Strip Table in Oak and Walnut




Introduction: Strip Table in Oak and Walnut

The seed idea for this instructable came in part from Wholmans fantastic Scrap Table

However I needed to make something that would not look out of place againts the rest of the furniture in my house.

The timber is shop bought (about £120) of oak and black walnut.
I apologise now for the lack of photos of the construction but I have attached a detailed sketchup model and plans for each component.

Have fun and hopefully someone with better carpentry skills than me can do it justice.

Step 1: Understand the Design

First have a look at the model ' table complete.skp' and take some time to understand the design. If you have never heard of sketch up it is free modelling software from google. To just view the model simply download sketchup viewer.

and open the file in it. Spin the model round to get a good look at it.

The basis for each component is a 25mm x 30mm section. The real change I made to the design during construction was to cut down the number of threaded rods to 3, however I think in hind sight with a decent set of sash clamps they could be omitted altogether and the top could be just glued. 

Step 2: Select Your Wood

I chose to use oak and black walnut for my table as its pretty stable once its seasoned, I bought all the timber in planks from a local timber supplier which specialises in timber for cabinet makers probably £120-00 intotal.

I think it would work with scrap wood or even thick ply as long as you have the right equipment to regularise it.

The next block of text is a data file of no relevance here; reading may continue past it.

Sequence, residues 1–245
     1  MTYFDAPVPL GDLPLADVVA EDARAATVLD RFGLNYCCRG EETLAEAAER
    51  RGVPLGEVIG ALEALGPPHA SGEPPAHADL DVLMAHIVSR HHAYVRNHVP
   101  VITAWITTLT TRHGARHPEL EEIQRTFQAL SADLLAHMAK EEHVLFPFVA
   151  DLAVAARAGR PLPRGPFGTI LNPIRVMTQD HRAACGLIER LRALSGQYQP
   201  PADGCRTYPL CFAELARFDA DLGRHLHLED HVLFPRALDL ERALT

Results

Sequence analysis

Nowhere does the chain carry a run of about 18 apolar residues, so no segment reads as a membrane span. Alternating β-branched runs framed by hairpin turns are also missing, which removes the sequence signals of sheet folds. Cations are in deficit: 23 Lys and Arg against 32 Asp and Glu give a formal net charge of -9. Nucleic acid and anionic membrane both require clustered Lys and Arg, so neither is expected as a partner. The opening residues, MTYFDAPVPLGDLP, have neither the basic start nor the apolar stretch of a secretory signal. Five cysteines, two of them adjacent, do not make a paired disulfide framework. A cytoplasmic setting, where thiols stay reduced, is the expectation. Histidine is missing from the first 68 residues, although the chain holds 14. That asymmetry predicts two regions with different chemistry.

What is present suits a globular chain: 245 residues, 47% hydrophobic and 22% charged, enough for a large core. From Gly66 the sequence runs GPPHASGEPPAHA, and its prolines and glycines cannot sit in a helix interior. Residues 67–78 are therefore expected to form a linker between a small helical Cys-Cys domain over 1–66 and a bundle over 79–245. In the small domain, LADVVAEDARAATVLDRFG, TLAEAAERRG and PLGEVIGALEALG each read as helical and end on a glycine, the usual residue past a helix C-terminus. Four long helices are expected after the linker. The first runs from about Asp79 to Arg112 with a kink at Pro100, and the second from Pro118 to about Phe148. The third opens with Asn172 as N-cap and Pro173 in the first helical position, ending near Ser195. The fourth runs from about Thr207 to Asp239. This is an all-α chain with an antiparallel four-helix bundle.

For example 22mm ply cut into 30mm strips would probably give a great surface effect to the finished table.

Step 3: Start Choppin'

Always liked a bit of Dinosaur Jnr. , Sorry.

The most time consuming part is cutting the tenons for the legs I used a band saw which wasnt the sharpest and therefore a lot of filing and fitting and filing... etc was required in order to make up the compnents for the 4 legs.

Each leg requires

3x component 1
2x component 2
2x component 3
1x component 3A
2x component 4
1x component 4A

The other change I made was not to cut a tenon into components 3,4 (which have become 3A and 4A) and 6. instead I cut the centre pieces flush to what would have been the bottom of the tenon, I have amended this in the sketchup model and noted it on the component pdf.

use table components.pdf

Step 4: Continue Choppin'

Cut the components for the table top.

2 x component 5
2 x component 6  (see amendment on the pdf)
33 x component 7

I used only 3 threaded bars in the end one in the centre and one over each of the legs..

If you use 10mm threaded bar use a 12 mm drill bit, this will give you a enough tolerance to push the rods through the 37 sections that make up the table top.

use table components.pdf

Step 5: Assemble the Legs

Once you are happy all the joints go together properly glue and screw the pieces together to make up the components  mak sure the screws are on the inside of the finished legs.

Step 6: Assemble the Top

To sash the top you will need a large flat surface ( I used a large glass table wrapped in cling film)

Dry fit the parts first, make sure you can fit the threaded bars through all the pieces and they can be pulled together by tightening the nuts. Do this without the 40mm end strips (component 5) 

Once you are happy the table top fits together and stays flat  take it all apart again.

Step 7: Sash the Top

Put nuts and washers on one end of each threaded bar making sure there is around 50mm of thread showing then wrap some tape around each of them so they dont move.

Thread all the top section back on to the threaded bars this time glueing each one in place.

When all the sections are on except the 40mm end strips put the washers and nuts on the other end and tighten the strips together. 

Step 8: Trim the Threaded Bar